Evidence feelings of love and jewellery were associated in the ancient world can be found detailed in a fresco adorning the walls of the House of Vetti in the ruins of the city of Pompeii, Italy. It depicts a goldsmith’s workshop and a group of amorini, or cupids engaged in making jewelled ornaments, intended to wound a victim’s heart
Excavators found a variety of gem stones in one shop, some only partly cut along with the tools for working them. In one shop a note left by a visitor on that fateful day when the volcano Mt Vesuvius erupted in the year ‘79 saying. ‘I should like my jewel to be ready at three o’clock’.
An important aspect of every human society yet recorded is a belief gold and gemstones had an enormous effect on the affairs of many. This has not been limited to any age or culture and tokens of human affection have been treasured throughout the ages. If you bring gold and precious or semi precious stones together skilfully and make them symbolise romance and reflect true love then you have a ‘tour de force’, a triumph of Cupid’s D’art!
Pompeii was the place where the elite in Roman society went for a holiday and to enjoy the company of friends. A modern day Australian comparison would be Noosa on the Sunshine Coast. Jewellers had a ready market in Pompeii forming an active profession the Aurifes universi, which supported local candidates for political office.
The level of business was such that even very special gem cutters and engravers were drawn to the town and made a living there. When people today talk about gems and gemology the basic vocabulary seems to have become confused. So just for clarification.
Gemstones are minerals found in the earth and ‘Gems’ objects fashioned from them. Jewels are gems prepared for mounting in either jewellery or other objects of art.
Jewellery is the finished product that adorns the wearer.
‘Behold you are beautiful, my love…your rounded thighs are like jewels, the work of a master hand, your navel is a rounded bowl, that never lacks mixed wine…your two breasts are like two fawns, twins of a gazelle…your lips distil nectar, my bride, honey and milk are under your tongue…you have ravished my heart, my sister, my bride, you have ravished my heart with a glance of your eyes, with one jewel of your necklace…’ This rather erotic love language comes from the Old Testament of the Bible, an edited extract from the Song of Songs, which is Solomon’s.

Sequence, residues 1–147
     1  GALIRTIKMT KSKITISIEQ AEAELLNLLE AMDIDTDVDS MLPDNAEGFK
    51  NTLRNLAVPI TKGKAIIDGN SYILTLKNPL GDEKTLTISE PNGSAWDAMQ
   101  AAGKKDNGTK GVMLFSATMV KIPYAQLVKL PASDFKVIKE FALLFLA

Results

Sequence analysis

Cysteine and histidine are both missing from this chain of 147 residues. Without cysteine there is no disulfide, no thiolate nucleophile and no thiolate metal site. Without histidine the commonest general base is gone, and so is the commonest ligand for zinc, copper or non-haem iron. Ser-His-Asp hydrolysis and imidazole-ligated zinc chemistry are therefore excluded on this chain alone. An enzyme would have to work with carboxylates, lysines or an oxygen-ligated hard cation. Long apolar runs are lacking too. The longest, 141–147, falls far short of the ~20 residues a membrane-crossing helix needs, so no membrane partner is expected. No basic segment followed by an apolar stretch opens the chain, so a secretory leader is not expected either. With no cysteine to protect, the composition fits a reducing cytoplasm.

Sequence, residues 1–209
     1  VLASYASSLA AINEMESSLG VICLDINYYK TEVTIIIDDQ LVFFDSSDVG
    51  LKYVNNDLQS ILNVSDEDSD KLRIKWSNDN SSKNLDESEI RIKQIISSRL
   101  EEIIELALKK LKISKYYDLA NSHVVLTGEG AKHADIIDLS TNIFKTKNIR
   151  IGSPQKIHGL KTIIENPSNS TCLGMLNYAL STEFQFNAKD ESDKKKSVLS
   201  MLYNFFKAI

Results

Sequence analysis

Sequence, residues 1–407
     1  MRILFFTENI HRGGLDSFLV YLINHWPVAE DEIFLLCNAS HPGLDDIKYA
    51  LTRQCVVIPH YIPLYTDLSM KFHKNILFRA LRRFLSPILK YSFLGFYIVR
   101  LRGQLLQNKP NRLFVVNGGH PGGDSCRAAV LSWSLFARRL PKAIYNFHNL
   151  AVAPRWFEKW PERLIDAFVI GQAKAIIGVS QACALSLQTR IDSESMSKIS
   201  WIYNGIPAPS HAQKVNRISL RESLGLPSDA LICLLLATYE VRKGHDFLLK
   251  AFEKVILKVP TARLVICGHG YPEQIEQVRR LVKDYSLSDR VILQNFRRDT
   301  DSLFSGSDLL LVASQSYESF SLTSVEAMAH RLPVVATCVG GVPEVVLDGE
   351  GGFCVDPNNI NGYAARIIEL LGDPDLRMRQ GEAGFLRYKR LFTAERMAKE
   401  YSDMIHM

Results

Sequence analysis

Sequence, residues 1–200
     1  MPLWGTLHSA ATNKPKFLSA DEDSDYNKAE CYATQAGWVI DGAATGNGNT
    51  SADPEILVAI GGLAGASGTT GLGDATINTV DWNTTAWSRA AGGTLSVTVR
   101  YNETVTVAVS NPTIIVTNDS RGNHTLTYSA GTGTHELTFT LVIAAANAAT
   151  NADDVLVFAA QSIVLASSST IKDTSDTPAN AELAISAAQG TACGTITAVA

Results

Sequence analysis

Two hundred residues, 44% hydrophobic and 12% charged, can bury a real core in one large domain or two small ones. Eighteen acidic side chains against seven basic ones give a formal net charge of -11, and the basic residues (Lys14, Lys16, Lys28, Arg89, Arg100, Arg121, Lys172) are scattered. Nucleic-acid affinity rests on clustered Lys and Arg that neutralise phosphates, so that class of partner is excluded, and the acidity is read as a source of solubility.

According to that witty and erudite first century documenter of Roman times, author, naturalist and natural philosopher Pliny the Elder ‘People nowadays go to buy clothes in China, look for pearls in the depth of the Red Sea and emeralds in the bowels of the earth…moreover, the practice of piercing the ears has been invented. It did not suffice to wear jewels round the neck, in the hair and on the hands; they also have to be stuck in the body!’
In ancient Greek mythology Aphrodite, the Goddess of love and desire rose naked from the foam of the sea.
Her divine duty was to make love and inspire others to do so. Love! I am sure that everyone has experienced that most frustrating, captivating, exquisite, infuriating, but enduring of all human emotions called love.
In an early manifestation as the familiar of Aphrodite you could describe Eros, the God of Love, perhaps as being bittersweet and Greek lyric poets and tragedians stressed his omnipotence and cruelty.
‘What thing is love for (well I wot) love is a thing, It is a prick; it is a sting, It is a pretty, pretty thing,
It is a fire; it is a coal, Whose flame creeps in every hole.’
As a companion of Venus in her Roman manifestation, known as Cupid he could be both young and beautiful. Cupids were widely used emblems of prosperity belonging to the worlds of both Venus and the God of Wine, Bacchus. As time progressed he turned into a rather chubby mischievous little boy.
A well-known painting of him with Venus 1531 by Lucas Cranch depicts Cupid complaining to his mother Venus. He is suffering loudly from bee stings – a warning of the pain, which so often accompanies the pleasure of love.
The history of ancient Italy does not just reside with the Romans. Long before Rome became the centre of a Roman Empire, Rome was but a town on the coastal plain tucked between the Latin tribes in the hills to the east and south, with in the north, the mysterious and very colourful people known as the Etruscans. They ruled the lands of Etruria, broadly corresponding to the modern region we now know as Tuscany.
The people called themselves Rasenna, it was the Romans that gave them the name Etruscan (Etrusci or Tusci) and the Greeks called them Tyrsenoi, rendered in English as Tyrrhenians, the name of the sea to the west of the Italian Peninsula. They had a reputation in the ancient world as consumers of good things and were particularly famous as jewellers.
They crafted gold and silver jewellery and engraved gems, which they traded all around the Mediterranean world.
Etruscan goldsmiths produced objects technically very difficult to make. Etruscan grape-cluster earrings of the 4th century before Christ are often shown worn by women on Etruscan terracotta statues and tomb paintings.
Some terracotta heads show they were very large and nestled behind the curls of the wearer, tucked into the side of the neck.
Shaped from thin sheet gold clusters of gold globules they were attached and the whole decorated with filigree – attached gold wire – and granulation.
The technique of granulation developed by Etruscan goldsmiths was brought to an extraordinary standard of perfection and was often extremely fine. It reached its height at Etruria in the seventh and sixth centuries before Christ and has never been surpassed.
It was necessary to produce first tiny pellets of gold, then using a copper solution mixed with vegetable or fish glue diluted with water, the pellets were then applied in selected patterns onto the object. As copper has a lower melting point than gold, the copper, when heated, joined the pellets to the background.
In this way fusion of the pellets and background was prevented and the granular effect was not lost.